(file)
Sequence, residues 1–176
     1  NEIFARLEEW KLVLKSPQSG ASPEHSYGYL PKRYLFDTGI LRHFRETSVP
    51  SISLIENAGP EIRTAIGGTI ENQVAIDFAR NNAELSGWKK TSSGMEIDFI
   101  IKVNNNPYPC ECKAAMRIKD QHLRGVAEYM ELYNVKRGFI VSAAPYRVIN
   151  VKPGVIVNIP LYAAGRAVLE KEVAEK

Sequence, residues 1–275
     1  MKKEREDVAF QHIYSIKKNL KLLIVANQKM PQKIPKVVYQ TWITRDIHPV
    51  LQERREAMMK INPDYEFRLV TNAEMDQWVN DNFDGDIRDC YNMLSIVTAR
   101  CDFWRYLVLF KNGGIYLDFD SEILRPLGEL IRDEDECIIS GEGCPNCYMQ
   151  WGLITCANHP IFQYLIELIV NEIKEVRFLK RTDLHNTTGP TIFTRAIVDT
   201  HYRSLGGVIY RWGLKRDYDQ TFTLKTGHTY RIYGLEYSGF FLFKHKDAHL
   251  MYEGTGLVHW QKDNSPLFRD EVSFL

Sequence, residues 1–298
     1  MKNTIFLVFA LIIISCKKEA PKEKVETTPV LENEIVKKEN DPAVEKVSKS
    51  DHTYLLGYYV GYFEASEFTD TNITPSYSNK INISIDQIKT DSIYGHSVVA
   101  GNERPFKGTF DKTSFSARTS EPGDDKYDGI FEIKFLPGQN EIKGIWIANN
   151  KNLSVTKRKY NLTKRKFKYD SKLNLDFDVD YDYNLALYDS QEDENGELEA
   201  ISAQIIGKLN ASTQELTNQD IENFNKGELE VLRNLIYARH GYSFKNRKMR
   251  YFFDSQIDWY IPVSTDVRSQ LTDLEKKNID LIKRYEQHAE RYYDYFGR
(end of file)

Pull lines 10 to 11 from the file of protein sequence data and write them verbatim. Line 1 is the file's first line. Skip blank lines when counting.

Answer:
   151  WGLITCANHP IFQYLIELIV NEIKEVRFLK RTDLHNTTGP TIFTRAIVDT
   201  HYRSLGGVIY RWGLKRDYDQ TFTLKTGHTY RIYGLEYSGF FLFKHKDAHL